I held off on writing an Oscar nominations reaction article last week because whatever conversation wasn’t focused on The LEGO Movie‘s snub (seriously, how is that not up for Best Animated Feature?) was focused on Selma‘s snubs, and I hadn’t seen Selma yet. Based on its shockingly few nominations (Picture and Song but nothing else), I have to assume most of the Academy hadn’t either. Paramount did a late theatrical release, not even sending DVD screeners until late in the awards season, and by then an idiotic smear campaign discouraged Academy voters from seeing it. The passion of the few who did see it got it a deserved nomination for Best Picture (it’d squeeze into my top 10 somewhere between 9 and 6), but it deserved more recognition, in my opinion, in five other categories.
Best Actor for David Oyelowo – This is maybe the most egregious of the oversights. Oyelowo captures Martin Luther King Jr. at a point in his life where he was simultaneously lionized, demonized, and pushed to his limits by the slowness of society to enact his dream. It’s a performance that carries the movie, and as impressive an achievement as any actor’s this year.
Best Supporting Actor for Tom Wilkinson – The “LBJ controversy” is just embarrassing. Maybe Wilkinson and the film’s portrayal of the President is somewhat historically inaccurate, but it’s less so than The Imitation Game or American Sniper. He’s shown as a good guy hampered by the political process and the biases of his upbringing. The loudest complaints about his portrayal seem like they’re angry he’s not shown as the “white savior.” Avoiding that trope should be reason for praise.
Best Original Screenplay – For some bizarre reason, Dreamworks owns the rights to MLK’s speeches, so Selma‘s screenplay (by Paul Webb, with heavy uncredited rewrites by director Ava Duvernay) had to write an MLK screenplay without any direct quotes from his speeches. That they managed to write King so believably in the face of this challenge deserves serious credit. Competition is tough in this category (Birdman and Grand Budapest Hotel are no-brainers, Boyhood‘s script is unorthodox but successful, and people love Nightcrawler; Foxcatcher seems to be the odd one out getting more respect than love) but this could have been in the running.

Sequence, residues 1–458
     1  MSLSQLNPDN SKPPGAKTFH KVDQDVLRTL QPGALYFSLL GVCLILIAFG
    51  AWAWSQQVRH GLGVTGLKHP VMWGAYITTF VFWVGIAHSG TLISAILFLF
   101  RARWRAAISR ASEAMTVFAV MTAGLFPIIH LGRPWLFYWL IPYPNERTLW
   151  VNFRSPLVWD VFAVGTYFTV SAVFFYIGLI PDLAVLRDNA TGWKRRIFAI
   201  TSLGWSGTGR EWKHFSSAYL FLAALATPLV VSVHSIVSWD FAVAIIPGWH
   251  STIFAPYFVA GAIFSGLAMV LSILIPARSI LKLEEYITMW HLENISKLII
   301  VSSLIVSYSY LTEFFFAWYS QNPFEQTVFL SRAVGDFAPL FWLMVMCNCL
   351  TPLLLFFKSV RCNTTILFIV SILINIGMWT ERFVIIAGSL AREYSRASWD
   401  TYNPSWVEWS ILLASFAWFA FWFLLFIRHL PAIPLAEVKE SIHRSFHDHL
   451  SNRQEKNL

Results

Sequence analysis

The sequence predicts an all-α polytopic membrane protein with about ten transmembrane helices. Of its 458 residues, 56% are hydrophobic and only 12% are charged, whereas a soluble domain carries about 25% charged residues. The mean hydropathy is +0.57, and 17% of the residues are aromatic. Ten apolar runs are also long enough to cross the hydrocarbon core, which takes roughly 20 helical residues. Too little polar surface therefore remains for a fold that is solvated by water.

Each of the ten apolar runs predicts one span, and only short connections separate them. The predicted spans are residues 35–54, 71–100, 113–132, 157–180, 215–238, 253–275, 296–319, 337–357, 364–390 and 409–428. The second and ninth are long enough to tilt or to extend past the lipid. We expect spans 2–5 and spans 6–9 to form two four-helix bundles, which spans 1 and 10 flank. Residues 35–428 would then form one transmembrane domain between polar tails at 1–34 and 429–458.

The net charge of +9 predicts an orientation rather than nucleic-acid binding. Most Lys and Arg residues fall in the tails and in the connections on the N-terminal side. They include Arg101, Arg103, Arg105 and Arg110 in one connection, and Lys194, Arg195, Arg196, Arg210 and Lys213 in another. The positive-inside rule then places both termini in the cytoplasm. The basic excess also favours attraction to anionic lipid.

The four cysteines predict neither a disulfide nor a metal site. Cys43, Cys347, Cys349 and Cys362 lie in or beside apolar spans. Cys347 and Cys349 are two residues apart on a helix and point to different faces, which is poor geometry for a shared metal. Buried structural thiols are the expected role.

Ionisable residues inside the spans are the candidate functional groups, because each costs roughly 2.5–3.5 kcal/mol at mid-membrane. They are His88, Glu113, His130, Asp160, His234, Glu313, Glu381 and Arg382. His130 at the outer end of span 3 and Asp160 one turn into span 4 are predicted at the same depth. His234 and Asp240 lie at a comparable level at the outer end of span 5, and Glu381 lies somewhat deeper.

Best Cinematography – I’m especially in awe of Selma‘s visual accomplishment after shooting a movie myself. The visual style (many shots where the camera moves around with a shallow depth of field, wider depth of field reserved for moments of visceral intensity) is both a technical challenge and emotionally evocative.
Best Director for Ava Duvernay – I liked The Imitation Game, but there’s nothing about Morten Tyldum’s directing that stands out as particularly unique and worthy of a Best Director nomination. Ava Duvernay, on the other hand, announces herself as one to watch with Selma. The first act alone would justify a nomination, juxtaposing MLK’s Nobel Peace prize win with a series of scenes illustrating just how far his quest for justice was (and, in their uncomfortable contemporary familiarity, still is) from being won. The combination of political strategizing and marital stress has drawn comparisons to Spielberg’s Lincoln, but where that film felt stagebound, Selma is cinematic and alive. If The Babadook (also directed by a woman, interestingly enough) is the year’s scariest fantasy-horror, Selma is its scariest real-life horror movie. Maybe some of those avoiding it are doing so because it’s so real, but that realness is why it’s not merely important and relevant, it’s also an exciting, emotional cinematic experience that would be thoroughly satisfying if not for reality continuing to make this struggle ongoing and never satisfying.